Ambrose’s scientific colleague and occasional lover Cappi Lawrence was looking over his shoulder.

“Aren’t you amazed, Cappi? Definite proof that Tasmanian Tigers aren’t extinct, and that they are organized into social groups which include breeding pairs.”

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Matzah Pizza and an Island of Peace

pizza

© Dale Rogerson

Esther had some cheese and matzah pizza and another sip of wine. Fortunately the owner of “Stanley’s Pizza” knew how to accommodate her needs during the Passover season.

At work, time was very fluid, which was why she appreciated the dependable rhythms of a Jewish life. Looking at her watch on the counter, she chuckled. She could only wear it off-duty.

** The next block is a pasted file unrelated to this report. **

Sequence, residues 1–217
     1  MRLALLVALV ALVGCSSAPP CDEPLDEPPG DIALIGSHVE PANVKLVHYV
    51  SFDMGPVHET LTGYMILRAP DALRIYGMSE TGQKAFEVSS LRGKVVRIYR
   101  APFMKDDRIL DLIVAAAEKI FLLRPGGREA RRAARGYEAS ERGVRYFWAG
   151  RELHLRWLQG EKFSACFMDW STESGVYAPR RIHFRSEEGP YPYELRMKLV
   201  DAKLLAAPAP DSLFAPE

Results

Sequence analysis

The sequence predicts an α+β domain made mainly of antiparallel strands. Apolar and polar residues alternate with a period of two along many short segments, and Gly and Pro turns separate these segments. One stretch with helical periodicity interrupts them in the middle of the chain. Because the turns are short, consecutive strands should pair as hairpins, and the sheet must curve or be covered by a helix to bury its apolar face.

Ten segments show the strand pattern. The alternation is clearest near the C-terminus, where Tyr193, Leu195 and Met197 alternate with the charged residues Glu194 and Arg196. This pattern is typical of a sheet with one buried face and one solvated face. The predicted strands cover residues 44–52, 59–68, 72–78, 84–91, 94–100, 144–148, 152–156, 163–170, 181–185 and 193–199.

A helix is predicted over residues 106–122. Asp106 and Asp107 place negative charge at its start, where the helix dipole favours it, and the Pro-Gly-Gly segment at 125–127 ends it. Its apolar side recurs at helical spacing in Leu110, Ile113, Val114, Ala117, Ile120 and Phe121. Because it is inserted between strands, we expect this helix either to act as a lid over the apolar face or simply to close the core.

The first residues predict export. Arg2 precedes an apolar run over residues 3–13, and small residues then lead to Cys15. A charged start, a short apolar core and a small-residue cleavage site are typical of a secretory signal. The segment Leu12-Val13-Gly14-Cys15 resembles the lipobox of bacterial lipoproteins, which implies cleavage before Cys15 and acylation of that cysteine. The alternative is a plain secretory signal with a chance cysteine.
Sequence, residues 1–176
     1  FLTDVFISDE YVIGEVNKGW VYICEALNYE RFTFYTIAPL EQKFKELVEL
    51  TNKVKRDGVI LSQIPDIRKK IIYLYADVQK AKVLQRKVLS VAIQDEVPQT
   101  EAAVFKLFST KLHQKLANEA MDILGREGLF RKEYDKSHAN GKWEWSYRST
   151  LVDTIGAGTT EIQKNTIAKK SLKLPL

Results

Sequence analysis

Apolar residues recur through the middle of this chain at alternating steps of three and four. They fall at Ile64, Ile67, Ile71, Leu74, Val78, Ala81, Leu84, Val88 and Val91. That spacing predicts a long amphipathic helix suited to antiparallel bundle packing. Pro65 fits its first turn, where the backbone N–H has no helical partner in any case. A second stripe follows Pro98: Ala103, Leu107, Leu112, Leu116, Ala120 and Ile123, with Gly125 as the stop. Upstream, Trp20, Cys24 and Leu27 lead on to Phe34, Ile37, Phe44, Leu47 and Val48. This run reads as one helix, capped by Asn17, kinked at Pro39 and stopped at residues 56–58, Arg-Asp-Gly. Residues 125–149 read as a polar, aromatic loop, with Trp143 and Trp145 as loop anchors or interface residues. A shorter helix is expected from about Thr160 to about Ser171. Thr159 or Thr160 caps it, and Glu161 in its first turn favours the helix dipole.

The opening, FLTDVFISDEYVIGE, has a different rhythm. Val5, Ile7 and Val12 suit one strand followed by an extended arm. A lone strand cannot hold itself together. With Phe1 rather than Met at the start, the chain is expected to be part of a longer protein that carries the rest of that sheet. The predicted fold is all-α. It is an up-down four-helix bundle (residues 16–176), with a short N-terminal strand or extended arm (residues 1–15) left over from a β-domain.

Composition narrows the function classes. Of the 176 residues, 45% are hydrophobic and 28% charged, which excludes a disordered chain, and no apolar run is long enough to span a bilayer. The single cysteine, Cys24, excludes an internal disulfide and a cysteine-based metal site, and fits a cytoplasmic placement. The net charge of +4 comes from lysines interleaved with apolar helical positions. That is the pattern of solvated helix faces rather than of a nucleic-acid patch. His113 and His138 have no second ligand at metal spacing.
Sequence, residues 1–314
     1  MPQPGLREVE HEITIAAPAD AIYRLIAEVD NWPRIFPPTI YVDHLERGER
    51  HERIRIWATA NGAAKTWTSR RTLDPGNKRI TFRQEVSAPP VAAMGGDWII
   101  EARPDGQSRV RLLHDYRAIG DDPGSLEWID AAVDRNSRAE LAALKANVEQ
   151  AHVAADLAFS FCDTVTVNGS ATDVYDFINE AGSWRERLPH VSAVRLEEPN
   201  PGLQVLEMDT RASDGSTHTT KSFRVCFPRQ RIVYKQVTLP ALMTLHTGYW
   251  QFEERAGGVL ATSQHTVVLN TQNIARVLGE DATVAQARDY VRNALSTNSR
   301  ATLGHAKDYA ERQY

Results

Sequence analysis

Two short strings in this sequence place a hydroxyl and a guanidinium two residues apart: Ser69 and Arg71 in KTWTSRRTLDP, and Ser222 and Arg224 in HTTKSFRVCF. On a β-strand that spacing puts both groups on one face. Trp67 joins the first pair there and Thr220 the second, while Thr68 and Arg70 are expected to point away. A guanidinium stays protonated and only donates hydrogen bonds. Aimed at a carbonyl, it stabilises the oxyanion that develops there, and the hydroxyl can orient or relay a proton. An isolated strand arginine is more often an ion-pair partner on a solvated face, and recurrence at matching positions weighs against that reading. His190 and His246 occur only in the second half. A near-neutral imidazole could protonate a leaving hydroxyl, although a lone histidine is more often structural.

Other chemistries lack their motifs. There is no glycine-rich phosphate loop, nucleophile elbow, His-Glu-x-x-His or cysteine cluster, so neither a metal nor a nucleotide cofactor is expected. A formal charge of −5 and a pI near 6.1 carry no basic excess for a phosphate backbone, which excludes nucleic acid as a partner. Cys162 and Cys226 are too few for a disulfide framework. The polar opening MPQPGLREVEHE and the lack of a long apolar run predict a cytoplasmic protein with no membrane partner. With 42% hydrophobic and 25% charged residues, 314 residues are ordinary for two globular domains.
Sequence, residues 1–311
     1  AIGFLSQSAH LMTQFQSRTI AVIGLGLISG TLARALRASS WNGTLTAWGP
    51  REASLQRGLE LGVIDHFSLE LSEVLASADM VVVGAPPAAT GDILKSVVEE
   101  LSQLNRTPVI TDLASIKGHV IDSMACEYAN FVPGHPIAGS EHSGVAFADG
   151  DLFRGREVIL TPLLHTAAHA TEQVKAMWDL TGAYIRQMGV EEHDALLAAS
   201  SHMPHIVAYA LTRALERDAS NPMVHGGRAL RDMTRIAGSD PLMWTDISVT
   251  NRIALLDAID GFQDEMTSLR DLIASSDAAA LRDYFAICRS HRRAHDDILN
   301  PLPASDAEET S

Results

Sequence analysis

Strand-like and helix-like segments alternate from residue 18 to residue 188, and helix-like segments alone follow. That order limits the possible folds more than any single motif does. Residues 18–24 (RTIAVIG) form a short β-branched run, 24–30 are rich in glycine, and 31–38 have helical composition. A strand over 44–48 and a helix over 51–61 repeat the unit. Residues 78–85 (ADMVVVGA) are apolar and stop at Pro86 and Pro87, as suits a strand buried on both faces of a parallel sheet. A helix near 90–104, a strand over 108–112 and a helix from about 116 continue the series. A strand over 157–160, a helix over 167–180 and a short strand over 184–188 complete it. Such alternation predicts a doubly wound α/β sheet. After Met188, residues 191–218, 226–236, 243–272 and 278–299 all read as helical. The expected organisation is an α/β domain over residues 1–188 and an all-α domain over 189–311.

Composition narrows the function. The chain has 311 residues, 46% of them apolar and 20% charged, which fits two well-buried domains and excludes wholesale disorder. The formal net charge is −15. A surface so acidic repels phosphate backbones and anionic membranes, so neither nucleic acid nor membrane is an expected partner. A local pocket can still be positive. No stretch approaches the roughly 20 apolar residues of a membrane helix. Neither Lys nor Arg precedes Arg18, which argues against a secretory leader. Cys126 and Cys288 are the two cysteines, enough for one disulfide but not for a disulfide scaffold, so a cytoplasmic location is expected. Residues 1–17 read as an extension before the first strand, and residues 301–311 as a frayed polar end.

Being a Cross-Time Detective was draining. Thank Hashem she’d captured the dimensional jumper before he could illegally copy the plans for, what..oh, “velcro” and bring them back to our reality.

Now she could enjoy her pizza and peace.

Written for the Friday Fictioneers photo challenge hosted by Rochelle Wisoff-Fields. The idea is to use the photo above to write a piece of flash fiction no more than 100 words long. Mine is exactly 100 words.

Since this is the week of Unleavened Bread, and since my wife is visiting our daughter in California and I’ve got the place more or less to myself, I thought I’d write this small bit of “Jewish themed” science fiction. Besides, the pizza really does look like it’s made of matzah.

To read other stories based on the prompt, visit InLinkz.com.